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Urinary tract abnormalities occur in almost 1 percent of all infants, which is a very high rate for a genetic defect. Often, an affected newborn will have multiple kidney abnormalities that will be accompanied by defective ureter-bladder connections. But the reason for atypical linkages between the ureter and the bladder has remained unclear.

Columbia University Health Sciences investigators now have the first visual and genetic evidence of how the ureter connects to the bladder during mouse development, providing clues as to how birth defects in this region occur in humans. The findings also may explain how syndromes in which several abnormalities in a single individual arise, because the genes important for the ureter-bladder connection are also essential for forming other parts of the urinary tract, such as the kidney.

The results of the study, led by Dr. Cathy Mendelsohn, assistant professor of urological sciences in urology, pathology, and the Institute of Human Nutrition, were published Aug. 26 in the online version of the journal Nature Genetics. A better understanding of urinary tract genetics and development could lead someday to better prevention and detection of these abnormalities.

The urinary tract helps the body maintain water balance and excrete waste. The body takes nutrients from food and uses them for energy and repair, leaving behind toxic waste products that must be eliminated. The kidneys remove urea, a waste product of protein metabolism, from the blood. Urea, water, and other substances form urine, which travels down two thin tubes called ureters to the bladder. The bladder stores urine until the body is ready to empty it. For the urinary tract to function, proper connections between the kidney, ureter, and bladder must form.

In the research, Dr. Mendelsohn and her colleagues studied the process of normal embryonic development of the urinary tract in the mouse, observing how connections are made between the ureter and the bladder and analyzing the genetics behind the process.

"Before our studies, the mechanism of ureter migration was not understood," Dr. Mendelsohn says.

The investigators were able to observe the complex events that take place as ureters join the bladder using a genetically engineered mouse that expresses a green fluorescent protein in the fetal excretory system. Dr. Franklin Costantini, professor of genetics and development and acting chairman of the department, developed the mouse line.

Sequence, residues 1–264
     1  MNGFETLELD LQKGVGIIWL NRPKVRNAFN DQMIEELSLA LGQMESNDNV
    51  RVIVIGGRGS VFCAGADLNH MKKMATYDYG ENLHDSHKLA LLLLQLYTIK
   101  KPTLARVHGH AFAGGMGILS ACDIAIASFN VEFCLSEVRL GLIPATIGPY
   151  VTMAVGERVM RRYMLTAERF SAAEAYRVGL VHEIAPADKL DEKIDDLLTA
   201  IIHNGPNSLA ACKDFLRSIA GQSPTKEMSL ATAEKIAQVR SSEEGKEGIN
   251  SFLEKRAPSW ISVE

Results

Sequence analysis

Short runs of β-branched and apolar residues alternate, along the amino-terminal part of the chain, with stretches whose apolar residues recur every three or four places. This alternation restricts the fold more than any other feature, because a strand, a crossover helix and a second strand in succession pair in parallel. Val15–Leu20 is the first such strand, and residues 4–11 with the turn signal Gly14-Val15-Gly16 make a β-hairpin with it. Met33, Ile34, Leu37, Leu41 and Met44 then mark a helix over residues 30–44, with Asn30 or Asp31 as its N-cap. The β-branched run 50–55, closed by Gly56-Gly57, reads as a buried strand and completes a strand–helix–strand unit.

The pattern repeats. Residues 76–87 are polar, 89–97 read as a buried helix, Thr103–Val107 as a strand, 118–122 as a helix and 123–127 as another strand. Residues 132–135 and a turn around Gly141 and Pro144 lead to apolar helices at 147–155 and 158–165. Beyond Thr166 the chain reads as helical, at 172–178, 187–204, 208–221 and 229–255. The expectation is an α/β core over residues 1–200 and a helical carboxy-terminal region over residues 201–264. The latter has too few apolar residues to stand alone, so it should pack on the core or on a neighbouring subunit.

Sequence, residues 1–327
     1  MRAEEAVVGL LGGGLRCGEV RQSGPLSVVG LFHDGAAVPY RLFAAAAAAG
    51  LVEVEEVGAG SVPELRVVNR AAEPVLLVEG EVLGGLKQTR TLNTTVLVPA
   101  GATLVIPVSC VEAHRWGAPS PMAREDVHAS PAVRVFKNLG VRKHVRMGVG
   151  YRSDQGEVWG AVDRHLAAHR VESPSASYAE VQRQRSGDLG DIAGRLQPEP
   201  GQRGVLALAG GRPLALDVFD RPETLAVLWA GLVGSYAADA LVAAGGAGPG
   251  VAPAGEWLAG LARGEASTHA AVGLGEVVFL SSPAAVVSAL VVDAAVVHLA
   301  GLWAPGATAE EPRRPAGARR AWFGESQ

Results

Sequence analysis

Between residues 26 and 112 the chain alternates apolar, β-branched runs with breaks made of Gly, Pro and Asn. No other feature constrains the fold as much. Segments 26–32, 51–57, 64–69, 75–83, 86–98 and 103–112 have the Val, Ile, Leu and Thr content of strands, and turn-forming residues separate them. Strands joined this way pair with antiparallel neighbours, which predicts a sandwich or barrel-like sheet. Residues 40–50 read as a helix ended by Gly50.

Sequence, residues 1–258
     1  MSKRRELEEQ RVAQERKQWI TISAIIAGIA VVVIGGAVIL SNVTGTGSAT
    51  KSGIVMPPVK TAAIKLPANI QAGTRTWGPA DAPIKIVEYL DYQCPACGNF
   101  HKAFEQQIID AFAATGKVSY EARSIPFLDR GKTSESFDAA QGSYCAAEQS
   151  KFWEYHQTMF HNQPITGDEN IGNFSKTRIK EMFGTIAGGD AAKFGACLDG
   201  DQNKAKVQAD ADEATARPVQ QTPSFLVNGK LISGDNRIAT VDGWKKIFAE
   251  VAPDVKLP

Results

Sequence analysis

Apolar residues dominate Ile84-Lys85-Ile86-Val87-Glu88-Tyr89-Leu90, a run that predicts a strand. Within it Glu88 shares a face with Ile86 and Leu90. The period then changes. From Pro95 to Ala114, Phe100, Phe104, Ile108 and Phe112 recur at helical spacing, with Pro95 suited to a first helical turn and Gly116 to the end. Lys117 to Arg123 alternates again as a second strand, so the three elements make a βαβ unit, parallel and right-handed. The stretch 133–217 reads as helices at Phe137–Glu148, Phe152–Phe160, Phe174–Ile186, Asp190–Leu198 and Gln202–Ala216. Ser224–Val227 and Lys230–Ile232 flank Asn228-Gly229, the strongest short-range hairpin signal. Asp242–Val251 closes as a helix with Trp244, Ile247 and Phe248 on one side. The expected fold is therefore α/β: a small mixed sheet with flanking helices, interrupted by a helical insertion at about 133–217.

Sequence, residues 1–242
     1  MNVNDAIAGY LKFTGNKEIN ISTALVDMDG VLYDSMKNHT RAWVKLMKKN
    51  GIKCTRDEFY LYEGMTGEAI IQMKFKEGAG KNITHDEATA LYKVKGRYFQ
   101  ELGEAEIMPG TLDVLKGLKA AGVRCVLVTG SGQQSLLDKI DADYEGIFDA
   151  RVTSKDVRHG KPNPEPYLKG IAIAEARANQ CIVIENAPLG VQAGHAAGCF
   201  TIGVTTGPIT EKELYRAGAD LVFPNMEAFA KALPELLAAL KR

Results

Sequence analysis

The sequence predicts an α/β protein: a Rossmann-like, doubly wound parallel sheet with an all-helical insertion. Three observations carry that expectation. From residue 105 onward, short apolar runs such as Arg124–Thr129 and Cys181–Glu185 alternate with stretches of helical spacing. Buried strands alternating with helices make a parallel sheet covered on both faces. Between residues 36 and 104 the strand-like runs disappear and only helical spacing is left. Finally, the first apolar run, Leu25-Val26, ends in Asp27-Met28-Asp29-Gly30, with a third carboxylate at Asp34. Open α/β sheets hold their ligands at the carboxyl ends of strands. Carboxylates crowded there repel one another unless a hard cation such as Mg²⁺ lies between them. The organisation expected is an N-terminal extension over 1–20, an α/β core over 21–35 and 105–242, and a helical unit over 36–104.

Once the researchers understood how ureters normally find their way to the bladder, they examined mouse models with urinary tract malformations to begin to understand why they occurred. The mice they studied were genetically altered to lack retinoic acid receptors, which prevents them from being able to use vitamin A, an essential nutrient required for the formation of most embryonic tissues and organs.

Scientists have known since the 1950s that the lack of vitamin A during development leads to kidney defects. The mice without retinoic acid receptors have urinary tract abnormalities similar to those seen in humans, including having small and abnormally formed kidneys and no connections between the ureter and the bladder.

Prior research by Dr. Mendelsohns' group revealed details about how vitamin A was important for normal kidney development. At the time, she and her team found vitamin A was key to activating expression in the kidney of the Ret gene, which codes for an enzyme that adds phosphate to the amino acid tyrosine and plays a role in subcellular communication. Loss of Ret expression was the major cause of kidney abnormalities in the mice without retinoic acid receptors.

In the new study, the researchers found vitamin A and the Ret gene were also important for making normal connections between the ureter and the bladder. Kidney formation begins before the bladder and the ureter connect, Dr. Mendelsohn explains. If a mutation exists either in the retinoic acid receptor or Ret genes, kidney formation and events that occur subsequently, such as forming the ureter-bladder connection, are disturbed.

"The same genes are used at different times and in different places during urogenital tract formation, suggesting an explanation for the complexity of urinary tract malformations," Dr. Mendelsohn says.

The group also showed that restoring Ret expression into their mutant mice could rescue proper kidney development and ureter connections to the bladder. They used genetics to introduce into the mice lacking retinoic acid receptors a Ret gene with a different promoter, the regulatory region that turns on genes by responding to particular proteins. These so-called "rescued mice" were not dependent on signals derived from vitamin A activation and had normal development of urogenital organs.

Further research, Dr. Mendelsohn says, will help identify other genes controlled by vitamin A that are important for the development of the excretory system.

The National Institute of Diabetes and Digestive and Kidney Diseases and the New York Academy of Medicine supported this research.